The MTA Board has approved a sweeping reorganization of the transit agency that could include eliminating as many as 2,700 jobs.
The board on Wednesday voted to approve the plan, which was prepared for the Metropolitan Transportation Authority by management consultant firm AlixPartners at a cost of $3.75 million. The only board members not to vote “yes” on the plan were its New York City representatives. Veronica Vanterpool voted against the plan, while David Jones abstained.
MTA officials have said the plan will largely be implemented over the next 6-9 months, and take up to two years to be fully in place.
The vote passed despite concerns raised by some board members, including nonvoting labor representatives, about the potential impact of the proposed downsizing. Vincent Tessitore Jr., who represents LIRR unions, said although the cuts are expected to largely target nonunion administrative positions, hourly laborers deserve some assurance that they won’t become victims of a “trickle down” effect.
“We really need to be mindful about how our workforce is going to react,” Tessitore said. “Let them know that they’re needed, that they’re appreciated and that their jobs are secure.”
MTA Chairman Patrick Foye said while reductions in union positions would likely be accomplished by not filling vacancies, he could not guarantee that further job cuts wouldn't be needed, as the agency remains in "dire" financial condition even with the savings expected from the consolidation plan — estimated at between $370 million and $530 million annually.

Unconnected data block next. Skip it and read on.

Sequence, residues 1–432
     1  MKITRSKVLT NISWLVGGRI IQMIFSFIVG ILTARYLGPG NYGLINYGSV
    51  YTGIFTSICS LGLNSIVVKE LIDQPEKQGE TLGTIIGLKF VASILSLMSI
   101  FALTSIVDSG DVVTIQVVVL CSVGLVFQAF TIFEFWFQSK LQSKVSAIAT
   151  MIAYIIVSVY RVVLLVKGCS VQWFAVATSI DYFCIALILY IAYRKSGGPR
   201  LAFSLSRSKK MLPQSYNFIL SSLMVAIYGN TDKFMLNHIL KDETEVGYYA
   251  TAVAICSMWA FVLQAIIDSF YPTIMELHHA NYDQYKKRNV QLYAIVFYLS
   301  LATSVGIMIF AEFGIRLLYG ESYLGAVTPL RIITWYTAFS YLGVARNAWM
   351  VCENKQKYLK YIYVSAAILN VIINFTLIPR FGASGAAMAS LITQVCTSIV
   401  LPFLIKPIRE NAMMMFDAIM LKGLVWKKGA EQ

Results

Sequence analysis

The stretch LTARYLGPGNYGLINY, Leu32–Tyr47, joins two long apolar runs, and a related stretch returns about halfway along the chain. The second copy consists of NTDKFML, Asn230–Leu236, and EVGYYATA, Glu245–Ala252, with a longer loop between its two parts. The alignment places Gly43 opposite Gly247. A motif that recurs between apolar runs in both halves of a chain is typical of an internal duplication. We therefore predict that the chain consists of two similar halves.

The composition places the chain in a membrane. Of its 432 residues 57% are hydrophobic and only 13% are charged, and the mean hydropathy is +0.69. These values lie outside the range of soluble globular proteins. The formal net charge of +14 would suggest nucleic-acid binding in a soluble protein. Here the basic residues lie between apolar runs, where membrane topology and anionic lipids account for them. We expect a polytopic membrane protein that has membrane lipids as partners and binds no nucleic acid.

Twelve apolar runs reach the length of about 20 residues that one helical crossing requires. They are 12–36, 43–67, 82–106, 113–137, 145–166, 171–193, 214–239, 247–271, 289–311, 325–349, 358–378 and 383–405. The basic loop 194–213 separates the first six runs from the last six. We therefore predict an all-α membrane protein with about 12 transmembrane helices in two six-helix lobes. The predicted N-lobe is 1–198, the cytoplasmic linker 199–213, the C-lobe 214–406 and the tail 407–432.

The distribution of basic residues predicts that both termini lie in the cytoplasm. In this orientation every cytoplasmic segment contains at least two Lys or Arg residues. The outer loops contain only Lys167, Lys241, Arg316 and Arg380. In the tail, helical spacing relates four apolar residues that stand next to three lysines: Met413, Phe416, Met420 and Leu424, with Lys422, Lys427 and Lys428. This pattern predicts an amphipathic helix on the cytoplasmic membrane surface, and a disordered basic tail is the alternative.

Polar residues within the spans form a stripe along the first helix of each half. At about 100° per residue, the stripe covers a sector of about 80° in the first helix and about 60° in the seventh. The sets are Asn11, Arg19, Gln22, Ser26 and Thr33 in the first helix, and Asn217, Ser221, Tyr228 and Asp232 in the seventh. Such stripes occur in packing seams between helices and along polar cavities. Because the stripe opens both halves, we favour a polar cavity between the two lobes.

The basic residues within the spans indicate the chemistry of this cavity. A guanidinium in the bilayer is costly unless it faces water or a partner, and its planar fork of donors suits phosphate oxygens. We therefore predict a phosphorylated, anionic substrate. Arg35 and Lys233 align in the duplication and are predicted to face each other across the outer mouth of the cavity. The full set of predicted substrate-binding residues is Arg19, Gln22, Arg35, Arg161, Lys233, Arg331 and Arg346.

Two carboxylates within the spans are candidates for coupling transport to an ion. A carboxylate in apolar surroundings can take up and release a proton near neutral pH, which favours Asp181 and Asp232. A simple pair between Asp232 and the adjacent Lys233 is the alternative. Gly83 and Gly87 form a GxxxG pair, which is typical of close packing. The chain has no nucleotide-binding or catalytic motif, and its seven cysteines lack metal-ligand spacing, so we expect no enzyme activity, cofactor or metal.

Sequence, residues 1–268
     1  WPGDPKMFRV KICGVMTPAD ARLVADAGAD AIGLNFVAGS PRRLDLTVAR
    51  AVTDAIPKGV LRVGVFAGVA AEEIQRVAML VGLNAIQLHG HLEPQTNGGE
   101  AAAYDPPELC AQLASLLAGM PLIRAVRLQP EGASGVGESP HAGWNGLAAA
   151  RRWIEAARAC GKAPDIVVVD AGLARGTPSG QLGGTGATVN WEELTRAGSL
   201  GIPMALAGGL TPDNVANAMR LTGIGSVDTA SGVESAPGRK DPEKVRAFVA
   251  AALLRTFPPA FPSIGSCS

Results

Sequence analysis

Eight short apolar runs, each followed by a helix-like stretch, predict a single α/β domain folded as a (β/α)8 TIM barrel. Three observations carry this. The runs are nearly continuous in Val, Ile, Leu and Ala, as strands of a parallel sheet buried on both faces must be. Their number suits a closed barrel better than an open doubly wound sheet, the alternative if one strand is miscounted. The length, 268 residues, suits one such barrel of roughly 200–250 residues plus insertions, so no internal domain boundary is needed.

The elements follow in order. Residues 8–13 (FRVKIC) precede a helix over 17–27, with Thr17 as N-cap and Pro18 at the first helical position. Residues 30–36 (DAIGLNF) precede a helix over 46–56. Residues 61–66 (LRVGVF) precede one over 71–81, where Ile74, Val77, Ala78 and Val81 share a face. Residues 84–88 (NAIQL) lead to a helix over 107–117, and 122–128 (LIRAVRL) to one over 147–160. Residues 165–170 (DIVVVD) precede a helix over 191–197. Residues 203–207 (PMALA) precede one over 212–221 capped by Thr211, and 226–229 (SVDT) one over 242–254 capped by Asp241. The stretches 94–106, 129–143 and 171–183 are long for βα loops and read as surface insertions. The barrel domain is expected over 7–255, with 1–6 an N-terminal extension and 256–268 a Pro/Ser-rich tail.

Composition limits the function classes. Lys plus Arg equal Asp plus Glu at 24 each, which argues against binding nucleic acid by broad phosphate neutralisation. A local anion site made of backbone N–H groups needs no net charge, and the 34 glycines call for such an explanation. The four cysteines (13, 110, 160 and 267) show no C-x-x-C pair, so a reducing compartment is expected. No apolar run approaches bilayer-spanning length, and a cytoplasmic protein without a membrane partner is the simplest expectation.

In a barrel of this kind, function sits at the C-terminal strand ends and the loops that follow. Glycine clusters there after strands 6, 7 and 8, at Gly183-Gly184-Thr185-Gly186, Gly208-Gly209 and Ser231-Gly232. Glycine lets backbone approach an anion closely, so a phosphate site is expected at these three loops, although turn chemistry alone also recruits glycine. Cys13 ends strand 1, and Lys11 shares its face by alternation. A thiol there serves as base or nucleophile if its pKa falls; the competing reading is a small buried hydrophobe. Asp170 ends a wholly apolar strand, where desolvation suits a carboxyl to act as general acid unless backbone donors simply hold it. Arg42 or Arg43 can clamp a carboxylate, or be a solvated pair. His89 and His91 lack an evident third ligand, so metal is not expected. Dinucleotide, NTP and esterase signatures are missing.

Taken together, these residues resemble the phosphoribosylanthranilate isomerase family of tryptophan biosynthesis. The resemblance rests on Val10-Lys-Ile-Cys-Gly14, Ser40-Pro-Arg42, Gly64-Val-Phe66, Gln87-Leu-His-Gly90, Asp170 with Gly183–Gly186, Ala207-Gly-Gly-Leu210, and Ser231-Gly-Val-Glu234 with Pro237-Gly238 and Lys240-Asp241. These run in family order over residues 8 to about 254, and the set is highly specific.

"Taking it off the table would be misleading, and I just can't do that," Foye said of potential union layoffs. "We can't give that assurance."
Updating the MTA's budget picture, Chief Financial Officer Robert Foran noted the agency is on pace to have a budget deficit of nearly $1 billion by 2023.
Also Wednesday, some board members raised concerns about the lack of detail in the plan, the absence of public input, and the potential for the agency to be locked into it even if some aspects don’t work out. But Long Island's two voting representatives on the board offered optimism. Nassau representative David Mack said the agency needed change and consolidation.
Suffolk representative Kevin Law said, “It’s not going to cement us in. We’re the board. We can do whatever we want. And we can be flexible. A good plan should be aspirational.”
Speaking to board members and the public before the vote, Foye said the plan "represents an opportunity for the agency to take a close look at how we operate."
“In many ways, large and small, the MTA as an organization hasn’t changed much since its creation over 50 years ago,” Foye said. “Now, at this particular moment, we need to do all we can, and to do it well, to fundamentally rethink how this place is organized, what we’re focused on, and how those priorities affect how we operate and interact with our customers.”
"The MTA's reorganization plan is a good start, but now it comes down to execution and sound management," said Gov. Andrew M. Cuomo, who called on the plan to include a timeline with "hard dates to assess progress."
The plan calls for consolidating more than 40 departments across the MTA’s agencies into six, and creating new offices that would focus on tasks such as customer communications and capital projects, to allow management at the MTA’s operating agencies — including the LIRR and the New York City Transit bus and subway system — to concentrate on its core missions of delivering safe and reliable service.
The new, leaner MTA is expected to be better positioned to deliver improved service to customers and complete major projects on time and within budgets by eliminating bureaucracy and empowering project leaders to make quicker decisions, officials said. The plan calls for the creation of several new upper management positions, including a chief transformation officer, chief engineering officer and chief operating officer.
“Achieving these savings means making difficult decisions for this agency on behalf of our customers,” Foye said. “To be clear, the low-hanging fruit, from a cost-reduction point of view, and the middle-hanging fruit, from a cost-reduction point of view, has been plucked.”